Beyond Accessibility: Toward Full Inclusion of People with Disabilities in Faith Communities. By Brett Webb-Mitchell. Church Publishing (2010).
Book review by Christine Guth
Beyond Accessibility: Toward Full Inclusion of People with Disabilities in Faith Communities, by Brett Webb-Mitchell, challenges churches to become communities of full inclusion for people who live with disabilities. Providing physical access for people with disabilities to enter a church building, argues Webb-Mitchell, is only a starting place when Christians take seriously the call to be the body of Christ. Drawing on biblical and theological interpretation and illustrative stories from his pastoral experience, he convincingly argues that churches must move to welcome people with disabilities as collaborators and “co-creators” in the community of faith. Benefiting from their full and equal participation is integral to the health of the body of Christ.
Webb-Mitchell envisions a “post-disability ministry church,” where special attention to disabilities is no longer needed because accommodation of differences and full inclusion have become deeply incorporated into the everyday thought and practices of faith communities. The distinction between disabled and non-disabled has no place in the Body of Christ, he contends, but the church frequently—even typically—fails in this aspect of its calling. Without the legislative impetus that has been prodding secular society toward greater justice for people with disabilities, the church is nevertheless impelled by God’s love and grace to embody inclusivity. Full inclusion is a matter of living out our high calling to be the Body of Christ.
Webb-Mitchell reflects extensively on the Pauline image of the Body of Christ in Part 1 of the book to spell out a persuasive rationale for including people with disabilities in the church and validating their gifts.
Part 2 outlines strategies to move churches toward full inclusion. Although he describes this section as “actionable steps,” I found it more theoretical and less concrete than I was expecting. I suspect most readers will need more in the way of practical strategies to achieve inclusion. (Our Auditing Accessibility page can point readers to many sources of such practical strategies.) Nevertheless, his reflections prod our thinking in new directions that are necessary, given the church’s history of clinging to the segregation and exclusion of wider society.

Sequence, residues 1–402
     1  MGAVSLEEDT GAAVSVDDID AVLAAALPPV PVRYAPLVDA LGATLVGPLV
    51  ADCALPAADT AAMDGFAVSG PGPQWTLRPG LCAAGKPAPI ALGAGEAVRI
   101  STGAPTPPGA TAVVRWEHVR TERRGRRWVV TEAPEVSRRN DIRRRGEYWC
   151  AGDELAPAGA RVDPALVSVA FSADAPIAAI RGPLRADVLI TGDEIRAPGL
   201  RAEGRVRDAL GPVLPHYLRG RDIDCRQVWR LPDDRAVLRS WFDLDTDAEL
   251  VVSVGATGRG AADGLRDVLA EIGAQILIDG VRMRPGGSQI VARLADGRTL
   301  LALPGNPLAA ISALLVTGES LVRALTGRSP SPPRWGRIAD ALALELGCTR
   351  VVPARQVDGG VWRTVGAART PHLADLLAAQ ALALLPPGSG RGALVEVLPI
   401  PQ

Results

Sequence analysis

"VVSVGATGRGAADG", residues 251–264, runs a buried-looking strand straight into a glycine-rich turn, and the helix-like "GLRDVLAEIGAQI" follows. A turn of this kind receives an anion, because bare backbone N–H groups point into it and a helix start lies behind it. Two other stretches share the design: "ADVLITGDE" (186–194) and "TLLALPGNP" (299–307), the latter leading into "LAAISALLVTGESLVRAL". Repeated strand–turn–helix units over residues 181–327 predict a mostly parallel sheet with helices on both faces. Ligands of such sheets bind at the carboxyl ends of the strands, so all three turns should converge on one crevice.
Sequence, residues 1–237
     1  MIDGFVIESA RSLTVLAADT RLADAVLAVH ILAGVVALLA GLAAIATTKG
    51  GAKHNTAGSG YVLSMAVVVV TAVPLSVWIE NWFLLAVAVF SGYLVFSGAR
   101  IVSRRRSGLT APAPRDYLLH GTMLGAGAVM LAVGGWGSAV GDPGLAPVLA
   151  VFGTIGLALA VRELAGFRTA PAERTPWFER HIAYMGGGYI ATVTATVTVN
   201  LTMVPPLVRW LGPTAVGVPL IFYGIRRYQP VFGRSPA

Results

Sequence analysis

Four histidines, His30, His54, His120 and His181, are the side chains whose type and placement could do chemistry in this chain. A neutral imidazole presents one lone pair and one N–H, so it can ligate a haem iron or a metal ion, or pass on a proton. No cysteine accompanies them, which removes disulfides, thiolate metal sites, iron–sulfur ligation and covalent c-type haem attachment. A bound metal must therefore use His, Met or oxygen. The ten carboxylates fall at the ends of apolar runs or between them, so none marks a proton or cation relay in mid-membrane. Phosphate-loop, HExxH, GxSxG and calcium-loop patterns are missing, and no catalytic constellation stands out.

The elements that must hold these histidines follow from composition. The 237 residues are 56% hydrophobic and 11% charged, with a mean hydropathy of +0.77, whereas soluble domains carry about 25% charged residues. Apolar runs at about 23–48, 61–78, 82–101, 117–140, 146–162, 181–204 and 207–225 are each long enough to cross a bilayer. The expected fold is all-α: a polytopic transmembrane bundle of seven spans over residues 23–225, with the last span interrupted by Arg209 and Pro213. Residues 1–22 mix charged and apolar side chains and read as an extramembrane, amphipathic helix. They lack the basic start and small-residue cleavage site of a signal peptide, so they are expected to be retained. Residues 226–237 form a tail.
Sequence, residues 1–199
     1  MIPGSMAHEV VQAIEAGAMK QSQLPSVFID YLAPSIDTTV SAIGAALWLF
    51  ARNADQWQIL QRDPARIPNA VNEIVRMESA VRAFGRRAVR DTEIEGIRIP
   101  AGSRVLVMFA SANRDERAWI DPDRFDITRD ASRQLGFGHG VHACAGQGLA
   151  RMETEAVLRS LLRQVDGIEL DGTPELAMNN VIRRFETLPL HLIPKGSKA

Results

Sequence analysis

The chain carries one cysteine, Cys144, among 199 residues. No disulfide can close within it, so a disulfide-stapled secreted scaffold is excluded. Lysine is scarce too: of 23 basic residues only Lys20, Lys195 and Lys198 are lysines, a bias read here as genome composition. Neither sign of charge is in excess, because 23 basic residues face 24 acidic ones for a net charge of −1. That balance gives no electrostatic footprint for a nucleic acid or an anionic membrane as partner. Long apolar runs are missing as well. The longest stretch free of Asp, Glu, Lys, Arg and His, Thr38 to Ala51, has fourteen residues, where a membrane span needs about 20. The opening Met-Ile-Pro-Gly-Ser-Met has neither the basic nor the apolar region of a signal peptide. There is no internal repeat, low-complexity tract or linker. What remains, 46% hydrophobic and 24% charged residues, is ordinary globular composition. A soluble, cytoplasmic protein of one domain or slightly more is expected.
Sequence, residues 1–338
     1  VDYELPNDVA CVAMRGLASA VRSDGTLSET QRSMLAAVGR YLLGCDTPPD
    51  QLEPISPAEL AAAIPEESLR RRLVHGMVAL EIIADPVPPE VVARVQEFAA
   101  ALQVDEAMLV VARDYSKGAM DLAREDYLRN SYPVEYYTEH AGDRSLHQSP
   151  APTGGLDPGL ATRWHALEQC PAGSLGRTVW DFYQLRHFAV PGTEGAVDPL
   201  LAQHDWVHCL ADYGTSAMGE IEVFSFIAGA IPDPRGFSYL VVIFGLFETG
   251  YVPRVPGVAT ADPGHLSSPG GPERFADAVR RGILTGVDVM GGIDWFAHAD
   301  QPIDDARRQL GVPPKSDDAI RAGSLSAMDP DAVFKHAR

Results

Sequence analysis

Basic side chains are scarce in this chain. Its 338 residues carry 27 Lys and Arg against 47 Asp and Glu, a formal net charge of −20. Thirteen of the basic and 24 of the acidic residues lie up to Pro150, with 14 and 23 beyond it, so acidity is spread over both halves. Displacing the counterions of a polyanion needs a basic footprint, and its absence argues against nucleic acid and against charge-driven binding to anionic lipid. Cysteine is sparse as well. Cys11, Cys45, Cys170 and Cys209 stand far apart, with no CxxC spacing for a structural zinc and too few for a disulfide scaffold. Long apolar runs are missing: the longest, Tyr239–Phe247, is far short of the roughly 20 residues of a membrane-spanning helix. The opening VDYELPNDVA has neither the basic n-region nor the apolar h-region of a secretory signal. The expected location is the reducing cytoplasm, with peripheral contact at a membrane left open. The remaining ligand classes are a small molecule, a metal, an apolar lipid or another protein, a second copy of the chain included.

Webb-Mitchell describes four practices that churches may engage in that can move them toward full inclusion. These include (1) hospitality and welcome of the stranger; (2) accessibility and acceptance; (3) inclusion as co-creation, in which the gifts of all are nurtured, enhanced and realized to create community together; and (4) love—i.e., genuine friendships marked by justice and respect.
The book could have benefited from stronger editorial assistance in places. Occasionally I found myself struggling to deduce a key point in his argument that I sensed could have been made with more clarity. Occasional editorial errors may annoy careful readers, but on the whole these are not intrusive. His description of transforming faith formation through practicing the gestures of Christ left me with unanswered questions and a desire for more concrete examples, which are apparently available in another of his books.
Webb-Mitchell’s periodic reference to his personal experience as a marginalized person will give him more credibility for some of our readers but for others this may be a source of repeated irritation, since his personal experience of marginalization arises from his sexual orientation. I offer the caution that this may not be the book for you if you will find it disturbing to hear from an openly gay man.
Webb-Mitchell argues more forcefully for inclusion, integration, and collaboration with people with disabilities than other books I have encountered in this genre. His is a message for all church congregations, whether or not they include people with disabilities, yet those who have done little thinking about the needs of people with disabilities may see little reason to read it. Readers engaged in disabilities ministry will be challenged by this book, yet may be uncomfortable when he argues for the end of segregated programs for people with disabilities, since such programs are a typical pattern for disability ministries.
The dilemma before this book is the challenge that faces us at ADNet every day: How do we get a hearing for our ideas among people who are not already thinking about inclusion of people with disabilities? The challenge for us as disability advocates is not to settle for tokenism and not to stop when congregations have taken the first step of physical accessibility. Rather, we need to keep the invitation always open to take a second step, and a third, and a fourth, toward embracing the participation of people with disabilities.
Disability advocates in the public sphere proclaim, “Nothing about us without us.” The motto stands as a challenge to faith communities to draw on the rich wealth of experience that people with disabilities can bring to the Body of Christ. Brett Webb-Mitchell’s Beyond Accessibility will effectively stimulate thought and conversation in faith communities intent on accepting this challenge.
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